The KUNDIN button 14 allows the operator to either review a Kundin test for the current patient and selected wound or to perform a new Kundin test. To perform a new test, the operator selects New Test in the test list 24 shown in FIG. 6 before pressing the KUNDIN button 14. To review a saved Kundin test, the operator selects the test date on which the desired test was performed in the test list 24 before pressing the KUNDIN button 14.
Pressing the KUNDIN button 14 will present the operator with the score selection dialog as seen in FIG. 17 below. For new tests, the operator selects which calculation method to use (manual or automatic), and then presses Ok to proceed to the screen corresponding to the selected calculation method. To review an existing test, the operator selects the date on which the test was saved in the main dialog's test list 24, then presses the KUNDIN button. The operator selects the type of calculation method used to perform the test initially, and then presses Ok to proceed. If the entered calculation method and the initial calculation method do not match, the selected screen will appear blank, with no data. If this occurs, the operator presses Cancel to return to the main dialog.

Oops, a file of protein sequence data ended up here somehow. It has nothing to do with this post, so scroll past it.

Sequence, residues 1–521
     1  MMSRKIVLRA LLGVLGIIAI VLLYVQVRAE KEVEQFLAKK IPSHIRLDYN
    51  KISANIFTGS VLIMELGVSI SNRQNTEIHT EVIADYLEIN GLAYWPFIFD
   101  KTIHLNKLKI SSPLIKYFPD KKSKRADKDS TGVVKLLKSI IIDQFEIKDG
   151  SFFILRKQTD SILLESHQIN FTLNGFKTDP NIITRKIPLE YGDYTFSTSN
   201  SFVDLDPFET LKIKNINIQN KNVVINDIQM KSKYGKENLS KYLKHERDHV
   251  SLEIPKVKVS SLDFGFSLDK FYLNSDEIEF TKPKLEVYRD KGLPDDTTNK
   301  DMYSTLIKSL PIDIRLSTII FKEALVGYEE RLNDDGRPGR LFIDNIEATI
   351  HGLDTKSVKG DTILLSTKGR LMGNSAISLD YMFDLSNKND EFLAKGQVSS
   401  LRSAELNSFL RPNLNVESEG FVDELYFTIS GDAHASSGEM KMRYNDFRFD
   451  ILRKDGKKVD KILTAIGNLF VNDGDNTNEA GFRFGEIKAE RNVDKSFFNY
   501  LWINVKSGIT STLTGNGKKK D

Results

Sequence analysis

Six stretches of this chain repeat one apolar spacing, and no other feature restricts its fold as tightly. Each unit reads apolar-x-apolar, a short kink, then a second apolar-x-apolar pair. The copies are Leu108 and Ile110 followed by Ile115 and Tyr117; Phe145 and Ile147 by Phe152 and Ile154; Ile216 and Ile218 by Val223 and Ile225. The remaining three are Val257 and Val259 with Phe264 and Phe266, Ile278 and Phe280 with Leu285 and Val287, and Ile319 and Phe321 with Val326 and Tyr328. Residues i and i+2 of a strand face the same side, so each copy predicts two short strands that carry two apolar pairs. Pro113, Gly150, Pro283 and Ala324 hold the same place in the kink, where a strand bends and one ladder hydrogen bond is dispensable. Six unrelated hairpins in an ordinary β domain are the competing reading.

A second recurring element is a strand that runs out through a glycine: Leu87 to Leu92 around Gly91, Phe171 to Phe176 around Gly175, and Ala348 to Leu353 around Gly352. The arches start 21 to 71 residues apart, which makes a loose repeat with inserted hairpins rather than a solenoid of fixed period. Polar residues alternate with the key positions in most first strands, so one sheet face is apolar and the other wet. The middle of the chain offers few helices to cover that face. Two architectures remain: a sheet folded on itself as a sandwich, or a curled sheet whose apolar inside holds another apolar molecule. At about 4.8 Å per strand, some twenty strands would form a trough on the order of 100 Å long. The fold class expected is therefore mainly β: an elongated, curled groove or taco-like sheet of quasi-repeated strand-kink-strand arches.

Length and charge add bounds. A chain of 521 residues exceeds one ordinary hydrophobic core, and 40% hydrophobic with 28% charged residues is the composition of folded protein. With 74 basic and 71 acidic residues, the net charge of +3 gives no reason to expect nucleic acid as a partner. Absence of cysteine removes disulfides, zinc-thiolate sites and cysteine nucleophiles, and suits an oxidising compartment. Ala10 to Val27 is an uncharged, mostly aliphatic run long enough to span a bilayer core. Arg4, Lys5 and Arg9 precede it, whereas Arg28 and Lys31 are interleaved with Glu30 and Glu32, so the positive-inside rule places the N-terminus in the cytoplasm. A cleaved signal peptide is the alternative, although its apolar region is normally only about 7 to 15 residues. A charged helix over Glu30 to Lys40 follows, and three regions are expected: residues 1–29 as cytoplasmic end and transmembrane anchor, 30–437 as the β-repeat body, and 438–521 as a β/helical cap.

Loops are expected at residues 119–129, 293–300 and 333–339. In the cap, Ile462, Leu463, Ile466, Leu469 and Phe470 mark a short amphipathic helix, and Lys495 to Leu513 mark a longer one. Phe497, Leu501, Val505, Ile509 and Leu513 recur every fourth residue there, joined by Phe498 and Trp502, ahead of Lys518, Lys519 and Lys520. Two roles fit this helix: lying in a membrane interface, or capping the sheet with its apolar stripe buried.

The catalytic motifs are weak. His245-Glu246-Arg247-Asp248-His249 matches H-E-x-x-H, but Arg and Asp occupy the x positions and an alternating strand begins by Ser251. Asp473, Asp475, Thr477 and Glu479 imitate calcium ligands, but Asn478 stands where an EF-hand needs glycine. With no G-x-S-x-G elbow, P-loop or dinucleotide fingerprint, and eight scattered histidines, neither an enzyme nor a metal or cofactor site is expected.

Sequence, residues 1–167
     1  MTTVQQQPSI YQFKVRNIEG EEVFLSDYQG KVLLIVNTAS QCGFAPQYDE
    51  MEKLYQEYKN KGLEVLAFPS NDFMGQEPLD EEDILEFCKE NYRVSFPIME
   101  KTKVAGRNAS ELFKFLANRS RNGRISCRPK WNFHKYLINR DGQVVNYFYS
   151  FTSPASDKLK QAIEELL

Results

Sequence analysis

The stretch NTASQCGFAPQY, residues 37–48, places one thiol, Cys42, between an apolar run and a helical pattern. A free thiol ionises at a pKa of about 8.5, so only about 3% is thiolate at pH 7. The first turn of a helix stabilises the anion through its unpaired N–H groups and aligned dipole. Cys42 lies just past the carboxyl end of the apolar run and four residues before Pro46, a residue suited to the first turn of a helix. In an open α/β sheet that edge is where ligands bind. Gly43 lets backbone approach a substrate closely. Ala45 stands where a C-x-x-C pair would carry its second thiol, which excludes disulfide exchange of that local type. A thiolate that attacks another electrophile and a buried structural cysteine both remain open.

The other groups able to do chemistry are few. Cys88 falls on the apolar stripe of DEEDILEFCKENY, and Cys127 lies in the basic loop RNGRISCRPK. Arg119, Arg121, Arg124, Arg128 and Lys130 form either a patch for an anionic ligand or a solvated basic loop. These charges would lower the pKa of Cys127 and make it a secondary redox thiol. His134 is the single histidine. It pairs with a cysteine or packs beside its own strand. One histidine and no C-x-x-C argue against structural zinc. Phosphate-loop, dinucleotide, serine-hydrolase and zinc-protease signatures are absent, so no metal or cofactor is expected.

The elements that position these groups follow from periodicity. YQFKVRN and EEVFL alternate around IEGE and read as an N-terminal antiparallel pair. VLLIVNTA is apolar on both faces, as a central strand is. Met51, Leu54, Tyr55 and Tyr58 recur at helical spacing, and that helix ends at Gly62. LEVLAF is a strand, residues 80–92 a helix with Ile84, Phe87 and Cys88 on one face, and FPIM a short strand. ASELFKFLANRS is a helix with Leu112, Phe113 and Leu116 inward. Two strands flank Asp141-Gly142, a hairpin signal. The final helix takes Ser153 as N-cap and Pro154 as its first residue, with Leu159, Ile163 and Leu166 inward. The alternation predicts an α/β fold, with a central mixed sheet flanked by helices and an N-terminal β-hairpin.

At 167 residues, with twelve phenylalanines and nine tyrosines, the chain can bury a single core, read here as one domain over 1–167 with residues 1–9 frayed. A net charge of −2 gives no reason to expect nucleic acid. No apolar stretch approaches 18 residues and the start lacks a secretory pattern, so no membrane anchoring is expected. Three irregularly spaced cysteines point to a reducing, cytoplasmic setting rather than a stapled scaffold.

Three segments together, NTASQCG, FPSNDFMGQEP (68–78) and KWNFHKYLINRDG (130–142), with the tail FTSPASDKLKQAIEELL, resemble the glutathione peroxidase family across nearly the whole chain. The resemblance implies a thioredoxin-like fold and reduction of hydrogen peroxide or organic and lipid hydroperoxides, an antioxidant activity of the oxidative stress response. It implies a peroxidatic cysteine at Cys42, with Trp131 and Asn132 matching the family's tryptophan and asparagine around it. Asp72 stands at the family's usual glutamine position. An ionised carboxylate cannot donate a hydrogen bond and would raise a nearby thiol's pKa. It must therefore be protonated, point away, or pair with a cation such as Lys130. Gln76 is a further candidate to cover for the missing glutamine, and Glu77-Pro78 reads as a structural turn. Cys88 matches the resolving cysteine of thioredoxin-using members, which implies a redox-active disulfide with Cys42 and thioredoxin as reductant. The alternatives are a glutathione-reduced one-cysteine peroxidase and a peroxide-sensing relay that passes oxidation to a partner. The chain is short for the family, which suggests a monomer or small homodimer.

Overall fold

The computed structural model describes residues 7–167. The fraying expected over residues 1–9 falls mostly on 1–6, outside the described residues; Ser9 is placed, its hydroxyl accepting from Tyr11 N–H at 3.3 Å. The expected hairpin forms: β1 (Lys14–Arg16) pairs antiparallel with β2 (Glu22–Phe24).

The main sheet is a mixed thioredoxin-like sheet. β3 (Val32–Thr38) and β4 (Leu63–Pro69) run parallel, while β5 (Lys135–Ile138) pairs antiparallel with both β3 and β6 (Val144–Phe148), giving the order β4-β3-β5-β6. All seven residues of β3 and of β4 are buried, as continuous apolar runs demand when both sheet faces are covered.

Performing a WMS Automatic Kundin calculation involves digitizing up to 5 discrete points in and around the wound. For comparability to the manual method using a Kundin gauge, these five points are labeled North, South, East, West, and Depth, as displayed in FIGS. 18-19. Depth is an optional point to digitize, depending on whether the operator wishes to assess volume of the wound. As in all measurements involving the use of the CMM 10, hygienic precautions are necessary to help avoid introduction of harmful organisms into the wound. Once the operator chooses the WMS Auto Entry selection in FIG. 17, the system prompts the operator to measure the points illustrated in FIGS. 18-19. Once the required points have been measured, the WMS Kundin Measurements dialog box (shown in FIG. 20) will appear. The operator presses Calculate to have the WMS compute the Area and Volume and present them on screen. Pressing Ok saves and returns to the main dialog box shown in FIG. 6, or Cancel returns to the main dialog box without saving.